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03 genital fistula isam

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fistula

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03 genital fistula isam

  1. 1. Dr Isameldin Elamin MD DOWH MBBS Assistant Professor Obstetrics & Gynaecology department
  2. 2.  Introduction.  Varieties.  Aetiology.  Clinical features.  Prevention.  Investigations.  Treatment.  Post operative instructions.
  3. 3.  Fistula – it is an abnormal opening or tract between two adjacent organs or structures.  Genito-urinary fistula – it is an abnormal communication between the urinary tract & genital organs.  Recto-vaginal fistula: between vagina and rectum.
  4. 4.  Genitourinary fistula has effects on physical and psychological health of the woman. Genitourinary fistulae are:  Vesicovaginal (42 per cent)  Ureterovaginal (34 per cent)  Urethrovaginal (11 per cent)  Vesicocervical (3 per cent).
  5. 5. Fistula
  6. 6. Most common causes of vesicovaginal fistulae are: 1-gynaecological surgery in developed world.  Hysterectomy.(75% of cases).  Anterior colporrhaphy.  Laparoscopic pelvic surgery and urological surgery.
  7. 7. Risk factor during surgery are:  Previous surgery.  Fibroids or endometriosis. 2-pelvic malignancy. 3-pelvic trauma and radiotherapy. 4-obstetric trauma in the developing world. Less common: congenital. Inflammatory.
  8. 8. Presentation and symptoms:  Incontinence of urine. (Leakage of urine).  Pruritusin the genital region and thighs.  Burning micturition / dysuria.  Complain of increased vaginal discharge if the fistula is small.  Most common time to present is 5–10 days following surgery.
  9. 9.  History of incontinence immediately or several days after delivery.  A large fistula can be seen when examining the patient in left lateral position using sim’s speculum.  Methylene blue dye test – to differentiate between vesicovaginal, urethrovaginal and ureterovaginal fistula  Metal catheter or uterine sound – passed through the urethra to appear at the fistulous opening in the vagina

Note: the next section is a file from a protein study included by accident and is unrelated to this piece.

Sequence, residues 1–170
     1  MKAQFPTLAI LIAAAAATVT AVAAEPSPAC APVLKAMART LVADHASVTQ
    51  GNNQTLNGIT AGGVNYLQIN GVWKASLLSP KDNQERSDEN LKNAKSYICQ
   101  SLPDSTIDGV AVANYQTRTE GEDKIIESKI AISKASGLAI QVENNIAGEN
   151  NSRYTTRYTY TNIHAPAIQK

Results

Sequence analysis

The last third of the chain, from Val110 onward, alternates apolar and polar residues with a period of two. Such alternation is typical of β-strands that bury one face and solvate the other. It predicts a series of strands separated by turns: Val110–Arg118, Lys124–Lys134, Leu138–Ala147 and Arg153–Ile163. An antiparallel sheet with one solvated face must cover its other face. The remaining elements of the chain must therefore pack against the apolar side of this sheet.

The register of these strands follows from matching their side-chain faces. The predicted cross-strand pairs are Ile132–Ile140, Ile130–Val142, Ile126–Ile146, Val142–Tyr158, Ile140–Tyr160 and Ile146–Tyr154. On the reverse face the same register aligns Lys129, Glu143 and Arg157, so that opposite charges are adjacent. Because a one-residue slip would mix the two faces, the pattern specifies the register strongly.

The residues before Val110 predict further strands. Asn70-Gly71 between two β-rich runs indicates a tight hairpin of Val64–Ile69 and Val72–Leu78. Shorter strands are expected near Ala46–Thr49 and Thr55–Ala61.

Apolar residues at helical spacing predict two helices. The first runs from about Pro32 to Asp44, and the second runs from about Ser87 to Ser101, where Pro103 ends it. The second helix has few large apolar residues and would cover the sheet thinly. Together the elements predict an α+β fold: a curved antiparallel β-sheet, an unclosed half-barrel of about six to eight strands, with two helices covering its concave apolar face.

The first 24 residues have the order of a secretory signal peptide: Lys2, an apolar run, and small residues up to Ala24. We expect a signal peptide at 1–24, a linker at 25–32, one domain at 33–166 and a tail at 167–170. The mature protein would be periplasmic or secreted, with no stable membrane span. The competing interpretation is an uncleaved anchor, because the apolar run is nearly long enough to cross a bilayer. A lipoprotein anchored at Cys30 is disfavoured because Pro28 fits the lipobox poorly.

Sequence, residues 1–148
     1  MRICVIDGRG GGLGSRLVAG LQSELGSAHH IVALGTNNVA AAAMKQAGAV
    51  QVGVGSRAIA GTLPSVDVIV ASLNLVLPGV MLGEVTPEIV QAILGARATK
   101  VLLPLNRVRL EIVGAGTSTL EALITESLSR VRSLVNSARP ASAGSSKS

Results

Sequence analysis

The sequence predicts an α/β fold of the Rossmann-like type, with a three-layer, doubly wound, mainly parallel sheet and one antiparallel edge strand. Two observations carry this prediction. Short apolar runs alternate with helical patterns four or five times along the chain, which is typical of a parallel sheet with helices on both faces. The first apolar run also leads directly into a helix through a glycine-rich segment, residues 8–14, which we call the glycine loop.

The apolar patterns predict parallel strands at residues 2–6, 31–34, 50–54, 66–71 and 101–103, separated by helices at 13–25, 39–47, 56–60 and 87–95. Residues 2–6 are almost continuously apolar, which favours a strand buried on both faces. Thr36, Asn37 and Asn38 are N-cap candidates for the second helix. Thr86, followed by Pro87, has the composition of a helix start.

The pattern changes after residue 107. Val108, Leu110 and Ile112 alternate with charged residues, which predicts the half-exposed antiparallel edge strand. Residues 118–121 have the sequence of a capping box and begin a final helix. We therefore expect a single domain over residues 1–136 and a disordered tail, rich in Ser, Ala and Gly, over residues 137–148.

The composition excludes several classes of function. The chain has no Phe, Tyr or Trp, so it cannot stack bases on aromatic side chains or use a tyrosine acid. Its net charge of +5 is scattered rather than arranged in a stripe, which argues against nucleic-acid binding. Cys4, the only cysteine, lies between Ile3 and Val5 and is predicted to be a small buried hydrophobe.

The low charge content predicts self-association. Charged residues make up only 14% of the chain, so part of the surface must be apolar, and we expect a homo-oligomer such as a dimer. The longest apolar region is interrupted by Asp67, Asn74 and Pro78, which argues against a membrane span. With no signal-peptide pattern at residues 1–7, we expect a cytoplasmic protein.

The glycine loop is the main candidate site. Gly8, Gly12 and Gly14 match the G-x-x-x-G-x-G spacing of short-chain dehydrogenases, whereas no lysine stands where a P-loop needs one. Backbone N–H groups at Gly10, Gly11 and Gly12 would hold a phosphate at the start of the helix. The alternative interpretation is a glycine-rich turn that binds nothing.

10. 10.  3 pieces of swab kept in vagina.  200 cc of dilute methylene blue injected into bladder via catheter  If upper or middle piece stains blue – vvf  If none of the piece stains blue but is wet with urine – ureteric  If lower piece stained blue then -urethral
  11. 11.  Urine culture & sensitivity  Renal function test – urea & creatinine  Cystoscopy  CT scan and intravenous urogram (IVU) to rule out a ureterovaginal fistula.  Palpation of fistula during anaethesia.  Biopsy should be taken if the cause is not known.
  12. 12.  Conservative measures.  Complex surgical procedures.  Management of symptoms.  Barrier creams incontinence pads.  Prophylactic antibiotics.
  13. 13. Bladder damage during childbirth:  Catheter for 7-10 days.  Antibiotic coverage. Established fistula:  Wait for 3 months.  Repair. Fistula following cancer:  Biopsy to be taken from the edge of fistula
  14. 14.  Latzko procedure  Flap splitting technique  In case of extensive fibrosis, then omental grafts or gracilis muscle graft is applied  In case of large and high VVF, trans peritoneal approach is preferred.